Monday, 26 September, 2011
Apple is still selling Final Cut Studio 3 which contains Final Cut Pro 7, Motion, Compressor, Soundtrack Pro, Color.DVD Studio Pro. For the price of about Rs 60,000 or maybe lower, this is still a good bargain.
The price of Avid Media Composer, (software only) on the other hand, is Rs 1.4 lakhs.
But, for a very short while, you can get both for substantially less.
Avid has a special offer for Avid Media Composer in exchange for your FCP number, for less than Rs 60,000. So, if you buy FCP 7 now, give Avid just the number of your FCP, you can have an Avid and a FCP for a little over Rs 1,10,000.
Avid's offer ends Sept 30, 2011. You need to give them a valid FCP license number. Not the software, just the serial number.
More details here…
Or, just get in touch with Real Image or any other Avid resellers in your area.
And by the way, it is possible to run Avid and FCP on the same system.
If your requirement is to be able to capture from tape and play out to a VTR or monitor, you need hardware. The Mojo SDI will work in Avid but not FCP. And Mojo does not support HD. Blackmagic cards support HD and work in FCP, but not in Avid. So also Aja cards.
Get in touch with me and I can suggest how best to configure a system for FCP and Avid.
Friday, 23 September, 2011
Some days ago Apple released an update for Final Cut Pro X. 10.0.1. This remedies some of the features missing in Final Cut Pro X (FCPX). Mainly, XSan compatibility, XML import-export, and other features.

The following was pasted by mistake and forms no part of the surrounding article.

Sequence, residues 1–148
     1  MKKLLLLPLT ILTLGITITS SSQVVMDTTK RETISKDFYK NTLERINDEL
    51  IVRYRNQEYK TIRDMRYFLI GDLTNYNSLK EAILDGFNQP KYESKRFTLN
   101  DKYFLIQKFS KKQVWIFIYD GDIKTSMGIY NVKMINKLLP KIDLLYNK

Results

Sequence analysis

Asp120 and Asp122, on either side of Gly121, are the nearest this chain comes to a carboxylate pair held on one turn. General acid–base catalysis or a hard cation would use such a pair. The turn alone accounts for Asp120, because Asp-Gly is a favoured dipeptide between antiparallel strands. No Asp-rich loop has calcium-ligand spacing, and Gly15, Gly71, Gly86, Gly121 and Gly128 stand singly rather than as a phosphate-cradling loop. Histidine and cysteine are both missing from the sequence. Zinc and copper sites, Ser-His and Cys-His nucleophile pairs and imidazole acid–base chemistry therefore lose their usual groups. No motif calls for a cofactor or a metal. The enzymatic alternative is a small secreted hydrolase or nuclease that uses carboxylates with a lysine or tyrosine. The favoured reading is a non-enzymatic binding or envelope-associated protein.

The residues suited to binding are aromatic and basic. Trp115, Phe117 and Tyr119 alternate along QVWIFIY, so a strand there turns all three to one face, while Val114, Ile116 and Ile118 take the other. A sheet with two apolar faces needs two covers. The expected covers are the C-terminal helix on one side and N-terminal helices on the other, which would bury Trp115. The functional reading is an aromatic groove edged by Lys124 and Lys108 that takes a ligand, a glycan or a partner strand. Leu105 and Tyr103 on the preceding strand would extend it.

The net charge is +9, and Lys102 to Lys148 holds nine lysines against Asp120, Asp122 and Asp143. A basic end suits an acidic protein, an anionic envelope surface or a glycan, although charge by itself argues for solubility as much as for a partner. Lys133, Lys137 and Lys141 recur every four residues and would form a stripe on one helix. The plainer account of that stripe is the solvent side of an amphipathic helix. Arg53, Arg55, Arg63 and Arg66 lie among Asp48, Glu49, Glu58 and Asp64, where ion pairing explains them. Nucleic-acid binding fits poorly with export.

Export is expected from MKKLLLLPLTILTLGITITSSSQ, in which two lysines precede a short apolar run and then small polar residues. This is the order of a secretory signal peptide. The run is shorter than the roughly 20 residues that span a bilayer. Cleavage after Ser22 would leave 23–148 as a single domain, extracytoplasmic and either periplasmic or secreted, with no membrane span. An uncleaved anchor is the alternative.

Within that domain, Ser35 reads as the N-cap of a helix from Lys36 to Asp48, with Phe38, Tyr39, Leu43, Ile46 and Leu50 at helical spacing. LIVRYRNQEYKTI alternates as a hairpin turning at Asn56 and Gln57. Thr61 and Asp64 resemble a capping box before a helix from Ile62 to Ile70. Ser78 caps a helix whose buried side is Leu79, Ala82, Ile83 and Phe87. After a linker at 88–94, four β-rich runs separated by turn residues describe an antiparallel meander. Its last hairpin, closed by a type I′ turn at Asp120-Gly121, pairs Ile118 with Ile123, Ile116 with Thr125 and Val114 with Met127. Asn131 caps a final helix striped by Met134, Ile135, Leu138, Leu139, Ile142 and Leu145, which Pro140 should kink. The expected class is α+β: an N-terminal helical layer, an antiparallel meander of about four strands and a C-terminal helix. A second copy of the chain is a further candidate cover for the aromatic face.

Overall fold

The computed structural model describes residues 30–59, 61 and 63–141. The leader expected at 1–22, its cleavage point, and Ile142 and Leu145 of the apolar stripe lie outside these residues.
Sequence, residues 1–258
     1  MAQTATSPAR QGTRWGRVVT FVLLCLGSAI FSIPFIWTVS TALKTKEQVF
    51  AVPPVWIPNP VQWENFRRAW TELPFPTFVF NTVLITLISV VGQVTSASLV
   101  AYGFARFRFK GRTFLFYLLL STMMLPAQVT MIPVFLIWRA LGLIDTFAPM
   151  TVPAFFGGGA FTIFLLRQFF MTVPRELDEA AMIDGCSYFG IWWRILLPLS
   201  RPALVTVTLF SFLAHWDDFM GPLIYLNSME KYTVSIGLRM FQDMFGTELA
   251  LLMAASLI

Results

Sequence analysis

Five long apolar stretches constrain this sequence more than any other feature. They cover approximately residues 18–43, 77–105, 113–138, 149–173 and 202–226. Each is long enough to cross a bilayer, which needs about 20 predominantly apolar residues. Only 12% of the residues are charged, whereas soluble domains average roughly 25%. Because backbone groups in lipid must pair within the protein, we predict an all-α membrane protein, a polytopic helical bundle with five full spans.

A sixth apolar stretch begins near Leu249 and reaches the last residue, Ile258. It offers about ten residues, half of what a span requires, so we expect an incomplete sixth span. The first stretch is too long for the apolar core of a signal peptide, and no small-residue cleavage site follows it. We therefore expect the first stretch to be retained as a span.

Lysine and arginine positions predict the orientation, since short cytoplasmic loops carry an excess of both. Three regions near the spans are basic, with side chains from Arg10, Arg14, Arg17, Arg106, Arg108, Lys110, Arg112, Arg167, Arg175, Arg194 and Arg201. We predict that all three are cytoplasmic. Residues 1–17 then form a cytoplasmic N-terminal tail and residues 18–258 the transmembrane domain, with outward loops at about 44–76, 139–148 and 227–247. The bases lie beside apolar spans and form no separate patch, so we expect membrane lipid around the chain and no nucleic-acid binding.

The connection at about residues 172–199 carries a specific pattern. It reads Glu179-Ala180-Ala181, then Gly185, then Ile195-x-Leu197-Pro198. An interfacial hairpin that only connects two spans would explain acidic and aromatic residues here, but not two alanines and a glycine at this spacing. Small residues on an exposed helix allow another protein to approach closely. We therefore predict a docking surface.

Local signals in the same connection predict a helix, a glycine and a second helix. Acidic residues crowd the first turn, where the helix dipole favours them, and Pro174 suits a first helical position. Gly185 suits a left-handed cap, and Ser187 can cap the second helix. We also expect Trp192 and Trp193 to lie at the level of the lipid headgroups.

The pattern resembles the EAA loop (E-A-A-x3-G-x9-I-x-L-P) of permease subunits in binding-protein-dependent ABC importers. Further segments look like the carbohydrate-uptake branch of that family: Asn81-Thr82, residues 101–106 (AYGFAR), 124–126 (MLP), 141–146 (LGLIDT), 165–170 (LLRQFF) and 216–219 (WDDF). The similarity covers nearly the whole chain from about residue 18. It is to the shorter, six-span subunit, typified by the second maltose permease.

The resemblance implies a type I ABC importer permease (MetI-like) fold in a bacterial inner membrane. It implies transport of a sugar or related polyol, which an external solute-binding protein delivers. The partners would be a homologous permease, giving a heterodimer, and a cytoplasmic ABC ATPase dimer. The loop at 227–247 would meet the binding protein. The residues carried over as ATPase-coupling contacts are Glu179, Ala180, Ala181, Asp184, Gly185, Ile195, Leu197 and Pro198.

There's a detailed discussion on this along with statements from Richard Townhill from Apple at postmagazine.com, the full article here.
There's also a link to Apple's whitepaper on FCP X for FCP 7 editors.
This is also an interesting read.
But one of the significant takeaways from these two is that you still cannot and probably will not be able to open FCP 7 projects in FCP X. Not even via XML like we used to be able to open FCP 7 projects in FCP 6 via XML. That isn't supported.
The 24@25 PAL film workflow is still not supported, so if editing feature films in India is what you do for a living you can continue with FCP 6 or FCP 7. Or, if you happen to have an FCP 6 or 7 licence, you can buy an Avid Media Composer 5.5 for under Rs 60,000.
Premiere Pro too doesn't support the PAL 24@25 workflow that we in India use for editing feature films shot on 24fps and edited via a telecine to video.
If anyone is absolutely interested in editing feature films shot on film in FCP X, there are workarounds by doing telecine to HD files. This is especially good for low budget films shot on 16mm film. It is possible to edit and finish all picture post within FCP X.
But FCP X is not the same as FCP 7 or anything else. Its a whole new way of approaching the job of editing. Many lament its radical departure from FCP 7 and earlier versions. But I feet FCP X is not as different from other editing systems, as manual film editing on Steenbeeck and such systems was from non-linear editing.
And if we made that transition two decades ago, we can make this one now. I'm trying. And I urge anyone who's keen to do so too. FCP X is available as a free 30 day trial now. So what's the harm?
Thursday, 8 September, 2011
The International Broadcasters Conference (IBC) begins in Amsterdam today. Part of this is a large - about 5 times as large as NSE Goregaon in Mumbai - exhibition that opens tomorrow and runs till the 13th Sept at the RAI complex in Amsterdam. This exhibition shows the latest in TV, video, film, broadcasting, webcasting and other allied fields.